According to the National Institute for Health psychotherapy may be the best option for mild to moderate depression. However, for severe depression or for certain people, antidepressant medication might also be required. While it might not work as quickly as medication alone, some studies show that certain types of psychotherapy may help your medication work faster and have more lasting benefits. 

One of most popular groups of antidepressants are called selective serotonin reuptake inhibitors (SSRIs). Some of the most commonly prescribed SSRIs for depression include: Prozac, Zoloft, Lexapro, Paxil, and Celexa. Most are available in generic versions. SSRIs tend to have fewer side effects than older antidepressants, but they may still have some side effects which tend to fade with time.  

For many people who experience depression, lifestyle changes can also have a positive impact on their symptoms.  Finding ways to reduce stress, get appropriate sleep, and increase exercise have all been shown to help. 

A:  Depression is not a sign of weakness or a negative personality. It is a major public health problem and a treatable medical condition. It's not a character flaw or a sign of personal weakness. In the same way that you can't "snap out of" diabetes, heart disease, or any other medical condition , you can't make depression go away with just will power. Many people with a depressive illness never seek treatment. But the majority, even those with the most severe depression, can get better with treatment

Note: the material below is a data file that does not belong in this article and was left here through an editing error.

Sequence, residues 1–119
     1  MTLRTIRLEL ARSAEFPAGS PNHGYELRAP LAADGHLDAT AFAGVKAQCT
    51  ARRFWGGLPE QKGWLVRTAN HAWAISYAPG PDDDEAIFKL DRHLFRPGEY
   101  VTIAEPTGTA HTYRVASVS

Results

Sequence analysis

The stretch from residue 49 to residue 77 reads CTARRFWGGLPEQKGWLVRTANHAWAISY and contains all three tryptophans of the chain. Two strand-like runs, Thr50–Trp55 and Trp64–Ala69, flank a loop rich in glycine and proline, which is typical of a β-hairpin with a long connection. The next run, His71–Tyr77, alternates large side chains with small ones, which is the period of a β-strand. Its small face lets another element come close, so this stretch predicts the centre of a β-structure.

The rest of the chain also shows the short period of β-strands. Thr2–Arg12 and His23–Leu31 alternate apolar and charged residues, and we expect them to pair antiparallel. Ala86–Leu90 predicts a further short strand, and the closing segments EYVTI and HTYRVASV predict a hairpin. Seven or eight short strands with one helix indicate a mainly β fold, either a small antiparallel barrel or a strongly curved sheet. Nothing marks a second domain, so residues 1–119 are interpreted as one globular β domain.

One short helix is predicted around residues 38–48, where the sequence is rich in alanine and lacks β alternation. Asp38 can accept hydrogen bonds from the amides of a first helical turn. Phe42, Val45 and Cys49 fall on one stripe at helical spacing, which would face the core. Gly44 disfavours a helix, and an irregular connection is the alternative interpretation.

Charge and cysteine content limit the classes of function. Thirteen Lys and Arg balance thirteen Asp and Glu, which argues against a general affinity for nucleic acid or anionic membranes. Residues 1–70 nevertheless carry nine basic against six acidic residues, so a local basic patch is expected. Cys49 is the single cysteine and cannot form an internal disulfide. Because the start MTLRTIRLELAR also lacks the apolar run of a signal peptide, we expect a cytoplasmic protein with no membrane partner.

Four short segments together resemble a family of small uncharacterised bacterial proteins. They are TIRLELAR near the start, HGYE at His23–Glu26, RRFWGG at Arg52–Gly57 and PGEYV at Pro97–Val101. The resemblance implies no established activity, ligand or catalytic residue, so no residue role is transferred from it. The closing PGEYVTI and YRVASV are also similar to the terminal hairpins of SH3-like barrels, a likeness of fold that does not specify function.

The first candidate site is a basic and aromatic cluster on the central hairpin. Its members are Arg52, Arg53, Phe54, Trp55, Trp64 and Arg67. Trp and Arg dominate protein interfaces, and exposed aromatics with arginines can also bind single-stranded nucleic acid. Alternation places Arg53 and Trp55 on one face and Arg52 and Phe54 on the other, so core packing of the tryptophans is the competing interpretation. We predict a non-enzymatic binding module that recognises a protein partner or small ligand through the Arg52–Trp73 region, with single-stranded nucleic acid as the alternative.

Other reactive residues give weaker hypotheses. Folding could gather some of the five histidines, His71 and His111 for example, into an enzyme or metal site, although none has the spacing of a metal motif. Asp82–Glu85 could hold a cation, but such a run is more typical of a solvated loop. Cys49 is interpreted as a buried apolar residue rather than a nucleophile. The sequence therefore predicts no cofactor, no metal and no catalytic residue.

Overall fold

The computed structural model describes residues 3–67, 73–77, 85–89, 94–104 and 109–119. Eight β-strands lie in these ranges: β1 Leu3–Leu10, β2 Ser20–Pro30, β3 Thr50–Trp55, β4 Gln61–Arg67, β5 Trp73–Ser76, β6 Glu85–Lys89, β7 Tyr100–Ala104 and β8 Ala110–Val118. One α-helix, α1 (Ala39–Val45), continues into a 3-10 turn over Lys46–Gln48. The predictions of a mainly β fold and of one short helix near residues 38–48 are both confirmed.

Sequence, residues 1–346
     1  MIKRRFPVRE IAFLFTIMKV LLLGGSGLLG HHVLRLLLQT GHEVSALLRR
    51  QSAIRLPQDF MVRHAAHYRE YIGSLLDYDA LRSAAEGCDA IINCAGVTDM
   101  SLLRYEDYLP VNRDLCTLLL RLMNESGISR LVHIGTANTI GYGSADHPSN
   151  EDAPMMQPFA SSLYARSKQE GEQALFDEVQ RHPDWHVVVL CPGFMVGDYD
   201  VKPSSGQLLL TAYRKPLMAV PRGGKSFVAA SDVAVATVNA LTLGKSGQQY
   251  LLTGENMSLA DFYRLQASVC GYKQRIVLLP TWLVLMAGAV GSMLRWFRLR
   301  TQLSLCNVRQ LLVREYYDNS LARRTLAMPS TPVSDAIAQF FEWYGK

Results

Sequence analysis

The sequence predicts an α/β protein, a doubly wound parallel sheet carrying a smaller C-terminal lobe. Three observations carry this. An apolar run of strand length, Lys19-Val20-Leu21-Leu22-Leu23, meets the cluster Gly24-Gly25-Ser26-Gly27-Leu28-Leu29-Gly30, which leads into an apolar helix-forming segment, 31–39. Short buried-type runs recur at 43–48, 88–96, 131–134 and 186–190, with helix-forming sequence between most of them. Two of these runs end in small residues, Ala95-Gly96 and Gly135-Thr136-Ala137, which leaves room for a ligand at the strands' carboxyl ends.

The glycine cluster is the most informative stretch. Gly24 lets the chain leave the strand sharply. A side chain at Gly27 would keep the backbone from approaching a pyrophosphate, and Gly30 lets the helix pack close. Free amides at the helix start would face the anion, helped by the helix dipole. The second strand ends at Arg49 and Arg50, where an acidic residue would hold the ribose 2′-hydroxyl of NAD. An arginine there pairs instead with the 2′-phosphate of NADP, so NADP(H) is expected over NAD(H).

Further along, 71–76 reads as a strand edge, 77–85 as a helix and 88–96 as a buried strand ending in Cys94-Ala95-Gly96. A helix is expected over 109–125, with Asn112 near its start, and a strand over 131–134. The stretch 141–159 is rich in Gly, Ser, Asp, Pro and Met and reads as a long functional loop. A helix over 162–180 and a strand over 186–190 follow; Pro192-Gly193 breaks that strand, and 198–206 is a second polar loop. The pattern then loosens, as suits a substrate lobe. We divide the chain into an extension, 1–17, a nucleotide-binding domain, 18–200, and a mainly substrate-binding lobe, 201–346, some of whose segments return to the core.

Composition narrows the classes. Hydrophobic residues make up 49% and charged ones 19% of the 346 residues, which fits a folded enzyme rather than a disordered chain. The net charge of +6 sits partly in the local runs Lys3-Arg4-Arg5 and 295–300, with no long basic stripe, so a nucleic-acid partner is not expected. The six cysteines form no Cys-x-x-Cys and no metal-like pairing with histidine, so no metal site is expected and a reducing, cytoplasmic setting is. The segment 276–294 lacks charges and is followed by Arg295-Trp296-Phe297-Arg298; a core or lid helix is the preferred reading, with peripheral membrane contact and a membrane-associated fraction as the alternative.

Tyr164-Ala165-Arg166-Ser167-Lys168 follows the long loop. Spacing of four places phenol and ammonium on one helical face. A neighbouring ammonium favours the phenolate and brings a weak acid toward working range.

A: We learn from the book of Job that God permits intense pain and suffering at times in those He loves.  Also, the Psalmists often cried out to God about feeling overwhelmed with sorrow, terror and helplessness.  You can look at Psalm 88 as an example.  However, Matthew 18:10–14 tells us that though we may feel isolated and alone, God cares for us in the midst of our suffering the same as a shepherd cares for one lost sheep out of a hundred.  

C.S. Lewis said "God whispers to us in our pleasures, speaks in our conscience, but shouts in our pains: it is his megaphone to rouse a deaf world."  God can often use our pain for His purposes such as: 
  • Developing humility
  • Helping us sort out the best values and priorities 
  • Being taught the value of submission to God 
  • Learning obedience to God's word 
  • Learning patient endurance 
  • Developing character 
  • Producing hope 
  • Learning to depend on the resources Jesus supplies 
  • Experiencing God's enabling grace 
  • Being privileged to share in Christ's sufferings 
  • Growing in holiness
  • Developing a strong faith 
  • Learning the truth that if we have God we have all that is necessary for full maturity 

We can take comfort that God is with us in our sorrow, and that we can rely on him to care for us through our trial.  He offers hope in his Word.  Lamentations 3:21–23 tells us, “But this I call to mind, and therefore I have hope: The steadfast love of the LORD never ceases; his mercies never come to an end; they are new every morning; great is your faithfulness.”

 



From webmd.com  
Shown here are PET scans of the brain showing different activity levels in a person with depression (left), compared to a person without depression (right).


Thinking about suicide?
If you, or someone you care about, is thinking about suicide, do not hesitate to call one of the suicide hotlines: 800-SUICIDE (800-784-2433) and 800-273-TALK (800-273-8255). If you have a plan to commit suicide, go to the emergency room for immediate treatment.